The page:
Civil War Chat Room Muster
Manassas Battlefield, June 10, 2000

Camp at Herndon, Va.
June 23, 2000

All Civil War Buffs:

        The following is a brief description of those events surrounding the muster at the Manassas Battlefield on the weekend of June 10, 2000.
        The Civil War Chat Room Muster, in my opinion, came off just as planned, wonderful. There were about 25-30 people from all over the states (Kansas, Mississippi, Florida, Kentucky, New Jersey, New York, Pennsylvania, and Maryland to name just a few.).  The group started arriving Thursday and many went to Ford's Theater Thursday night to see "Reunion." Then Friday they all went over to the Front Royal area where I understand that one of our members that lives in the area gave them just a great day. I couldn't make it to that because of work.
        Saturday morning we all met at the Manassas Battlefield Visitor's Center. Since the center does not open until 0830 hrs I got a chance to meet and chat with the folks for a little while. Some I had met before at other events, but many I only knew through the chat room. Then we started out.
        In preparation for the tour I spent the last several months roaming around the battlefield (it's only 30 minutes from the house). Since this was a 2 and a half day battle, it takes quite a while to just get through the basics, plus I wanted to make sure I could get a group this large into the places that needed to be seen and walked (there is a distinct lack of parking throughout the Manassas battlefield). However, with the help of Hennessy's "Return to Bull Run", Hennessy's "Second Manassas Battlefield Map Study, my website, The Confederate Military History, and the auto tour tape I was fairly well prepared by the time the group got here. I also used some of the narrative from the tour tape since it seems to be a direct lift from "Return to Bull Run," to supplement some of my talk.    To tour the entire battlefield, with any degree of detail, in one day is just not possible.  However, we gave it a good try.  We got on the actual battlefield about 0900 hrs.  We started at Battery Heights, where Gibbons had the artillery brought up on the evening of the 28th to face Jackson's troops.  Then we moved to Buck Hill, the site Pope's Headquarters, then to Sudley Church, the far left of Jackson's line.  From there we took a short drive to where we could take a short walk on the Unfinished Railroad just to get the feel of it.  We broke for lunch about 1130 hrs. where we had arranged for Kentucky fried to be brought to the field for our picnic on Stuart's Hill, the sight of Lee's Headquarters for the battle.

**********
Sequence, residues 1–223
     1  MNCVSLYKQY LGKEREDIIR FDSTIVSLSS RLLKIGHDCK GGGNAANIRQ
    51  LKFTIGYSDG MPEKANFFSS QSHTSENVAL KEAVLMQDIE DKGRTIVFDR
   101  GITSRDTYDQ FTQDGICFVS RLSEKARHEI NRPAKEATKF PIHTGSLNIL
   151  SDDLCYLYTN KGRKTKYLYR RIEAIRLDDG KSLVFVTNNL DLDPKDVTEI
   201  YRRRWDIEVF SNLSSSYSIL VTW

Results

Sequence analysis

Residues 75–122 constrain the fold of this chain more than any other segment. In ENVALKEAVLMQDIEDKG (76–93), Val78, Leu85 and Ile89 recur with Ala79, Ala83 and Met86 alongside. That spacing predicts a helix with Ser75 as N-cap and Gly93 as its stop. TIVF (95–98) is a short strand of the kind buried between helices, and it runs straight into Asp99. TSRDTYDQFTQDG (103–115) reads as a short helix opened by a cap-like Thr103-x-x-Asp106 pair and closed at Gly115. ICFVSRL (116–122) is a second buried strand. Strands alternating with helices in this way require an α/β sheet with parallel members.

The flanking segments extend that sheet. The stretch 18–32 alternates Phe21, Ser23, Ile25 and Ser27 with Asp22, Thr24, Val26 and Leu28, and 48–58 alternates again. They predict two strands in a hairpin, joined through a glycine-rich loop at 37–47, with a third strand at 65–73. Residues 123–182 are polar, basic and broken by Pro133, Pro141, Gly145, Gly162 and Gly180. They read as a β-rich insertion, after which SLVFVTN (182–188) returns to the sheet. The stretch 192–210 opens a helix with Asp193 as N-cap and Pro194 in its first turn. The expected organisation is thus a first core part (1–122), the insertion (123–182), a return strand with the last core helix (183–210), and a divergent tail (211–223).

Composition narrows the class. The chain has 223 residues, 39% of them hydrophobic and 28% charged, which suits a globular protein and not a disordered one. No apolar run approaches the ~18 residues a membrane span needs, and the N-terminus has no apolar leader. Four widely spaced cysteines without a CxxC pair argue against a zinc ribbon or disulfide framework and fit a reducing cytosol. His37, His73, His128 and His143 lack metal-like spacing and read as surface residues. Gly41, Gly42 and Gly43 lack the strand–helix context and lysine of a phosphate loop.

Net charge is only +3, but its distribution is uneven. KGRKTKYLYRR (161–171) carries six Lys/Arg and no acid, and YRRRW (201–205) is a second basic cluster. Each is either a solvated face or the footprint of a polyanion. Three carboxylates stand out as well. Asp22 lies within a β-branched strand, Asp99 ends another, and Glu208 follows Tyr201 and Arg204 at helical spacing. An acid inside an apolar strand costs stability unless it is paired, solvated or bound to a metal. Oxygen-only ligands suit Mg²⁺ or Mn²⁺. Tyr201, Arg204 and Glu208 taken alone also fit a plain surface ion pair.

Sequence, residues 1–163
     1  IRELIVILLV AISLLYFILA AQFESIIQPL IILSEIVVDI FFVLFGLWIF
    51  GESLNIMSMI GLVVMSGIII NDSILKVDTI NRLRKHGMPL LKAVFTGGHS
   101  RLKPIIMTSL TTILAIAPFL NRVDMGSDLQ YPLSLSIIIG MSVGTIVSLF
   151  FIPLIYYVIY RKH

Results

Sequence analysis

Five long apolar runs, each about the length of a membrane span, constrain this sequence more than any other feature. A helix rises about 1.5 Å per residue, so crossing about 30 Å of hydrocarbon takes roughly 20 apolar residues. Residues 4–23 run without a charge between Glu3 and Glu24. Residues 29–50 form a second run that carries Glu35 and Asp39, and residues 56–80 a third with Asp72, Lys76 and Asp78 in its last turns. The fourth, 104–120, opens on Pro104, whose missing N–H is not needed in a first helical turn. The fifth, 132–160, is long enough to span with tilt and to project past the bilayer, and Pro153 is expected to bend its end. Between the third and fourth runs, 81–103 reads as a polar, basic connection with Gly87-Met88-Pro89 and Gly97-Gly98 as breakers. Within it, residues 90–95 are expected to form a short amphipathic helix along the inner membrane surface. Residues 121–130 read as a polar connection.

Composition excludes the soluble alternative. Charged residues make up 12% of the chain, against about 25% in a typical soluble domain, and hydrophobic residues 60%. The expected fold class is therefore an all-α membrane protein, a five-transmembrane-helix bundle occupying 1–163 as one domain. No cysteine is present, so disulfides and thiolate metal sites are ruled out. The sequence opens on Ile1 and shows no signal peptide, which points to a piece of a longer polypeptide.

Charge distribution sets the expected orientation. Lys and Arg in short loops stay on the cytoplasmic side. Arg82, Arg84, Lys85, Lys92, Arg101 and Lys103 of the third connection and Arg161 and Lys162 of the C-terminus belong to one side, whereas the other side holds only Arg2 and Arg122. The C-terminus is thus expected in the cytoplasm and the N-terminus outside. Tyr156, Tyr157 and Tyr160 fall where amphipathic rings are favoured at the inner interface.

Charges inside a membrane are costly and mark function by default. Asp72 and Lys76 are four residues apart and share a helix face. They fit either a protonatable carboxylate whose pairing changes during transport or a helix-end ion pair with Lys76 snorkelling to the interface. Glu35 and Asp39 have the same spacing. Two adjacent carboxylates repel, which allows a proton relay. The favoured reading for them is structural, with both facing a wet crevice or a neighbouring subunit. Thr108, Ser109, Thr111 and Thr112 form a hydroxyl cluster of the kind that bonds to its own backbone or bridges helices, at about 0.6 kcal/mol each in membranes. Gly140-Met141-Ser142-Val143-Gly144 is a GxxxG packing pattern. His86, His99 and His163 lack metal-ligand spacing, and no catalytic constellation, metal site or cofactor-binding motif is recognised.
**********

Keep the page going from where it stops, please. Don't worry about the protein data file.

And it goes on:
After lunch, it was back to the to the battlefield.   We walked Porter's Charge, which is a must for this battlefield, up to the deep cut, chatted there for awhile then walked down the railroad just a bit to the site of the Rock Fight, another must as far as I am concerned.  From there we went to the Confederate Cemetery and then to the "Vortex of Hell" where the Zouaves were almost wiped out when Longstreet made his attack.  By now the heat was getting unbearable, so it was there that I called a halt to the tour. It was about 3:30 or so and just hot to the extreme. We found a shady spot under a tree and just discussed the remainder of the battle (Chinn Ridge and Henry Hill) rather than actually visit them.
        Now here comes the good part.  Everyone came over to the "Shotgun" homestead Saturday evening for a cookout. Not only was it a cookout, the back yard was set up like a Civil War camp! With the help of one the members who is a reenactor (JR by name), we had a tent set up, a stack of arms, both the Confederate Battle Flag and the Union 35 star flag flying on flag staffs and crossed, much like you see on my website. There was a fire pit with a little campfire going with straw bales around to sit on (had some lawn chairs too). Then we had the 50 star Union flag, the 1st, 2nd, and 3rd National Confederate flags, as well as the Bonnie Blue Flag hanging from the deck railings. With all of this and a little Bobby Horton playing in the background, it really gave a great atmosphere.  However, I have to admit it looked a lot like a Klan meeting.  But who cares.  We knew what why we were there, so we let the "devil take the hind most! (an old Southern Expression).  JR had brought some extra uniforms and put them on some of the younger folks and marched them around for awhile with the rifles to let them see what it felt like to be a Civil War soldier. For dinner we had Jumbo Shrimp, Pork Tenderloin, Sausages, Steak, Cole Slaw, Potato Salad, Beer, Wine, and Soft Drinks. Then later on, as the evening progressed, we had a drawing for the door prizes, then the two members, MAP and GenP, that actually organized this thing gave out the gifts to the people that had contributed so much over the past year.
        My friends, it was just wonderful, sitting around the fire, having a few "adult" beverages, and chatting about the late unpleasantness with many whom I had never met, but knew as well as I knew my own family.   In all honesty if you have never experienced this, you must try it.  The next one will be in June, 2001 at Chickamauga.

I am, very respectfully, your obedient servant,
Dick (a.k.a. Shotgun)

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